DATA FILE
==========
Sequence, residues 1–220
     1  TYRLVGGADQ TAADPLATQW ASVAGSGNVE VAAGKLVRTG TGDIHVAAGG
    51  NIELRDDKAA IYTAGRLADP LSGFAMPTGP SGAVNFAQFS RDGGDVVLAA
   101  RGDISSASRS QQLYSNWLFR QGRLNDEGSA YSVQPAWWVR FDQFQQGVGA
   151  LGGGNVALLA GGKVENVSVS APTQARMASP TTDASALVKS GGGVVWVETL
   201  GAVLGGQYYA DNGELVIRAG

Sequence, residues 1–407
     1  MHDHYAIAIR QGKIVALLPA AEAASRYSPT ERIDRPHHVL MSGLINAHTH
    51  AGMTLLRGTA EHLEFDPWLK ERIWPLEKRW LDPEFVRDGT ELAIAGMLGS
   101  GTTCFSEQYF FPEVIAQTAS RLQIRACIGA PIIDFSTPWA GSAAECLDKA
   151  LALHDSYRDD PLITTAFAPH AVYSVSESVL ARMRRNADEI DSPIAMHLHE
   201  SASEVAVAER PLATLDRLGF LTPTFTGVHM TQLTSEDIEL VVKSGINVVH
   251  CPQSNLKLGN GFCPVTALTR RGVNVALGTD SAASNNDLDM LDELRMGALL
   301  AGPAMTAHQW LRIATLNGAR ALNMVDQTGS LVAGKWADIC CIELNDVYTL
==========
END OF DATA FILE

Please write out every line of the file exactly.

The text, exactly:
Sequence, residues 1–220
     1  TYRLVGGADQ TAADPLATQW ASVAGSGNVE VAAGKLVRTG TGDIHVAAGG
    51  NIELRDDKAA IYTAGRLADP LSGFAMPTGP SGAVNFAQFS RDGGDVVLAA
   101  RGDISSASRS QQLYSNWLFR QGRLNDEGSA YSVQPAWWVR FDQFQQGVGA
   151  LGGGNVALLA GGKVENVSVS APTQARMASP TTDASALVKS GGGVVWVETL
   201  GAVLGGQYYA DNGELVIRAG

Sequence, residues 1–407
     1  MHDHYAIAIR QGKIVALLPA AEAASRYSPT ERIDRPHHVL MSGLINAHTH
    51  AGMTLLRGTA EHLEFDPWLK ERIWPLEKRW LDPEFVRDGT ELAIAGMLGS
   101  GTTCFSEQYF FPEVIAQTAS RLQIRACIGA PIIDFSTPWA GSAAECLDKA
   151  LALHDSYRDD PLITTAFAPH AVYSVSESVL ARMRRNADEI DSPIAMHLHE
   201  SASEVAVAER PLATLDRLGF LTPTFTGVHM TQLTSEDIEL VVKSGINVVH
   251  CPQSNLKLGN GFCPVTALTR RGVNVALGTD SAASNNDLDM LDELRMGALL
   301  AGPAMTAHQW LRIATLNGAR ALNMVDQTGS LVAGKWADIC CIELNDVYTL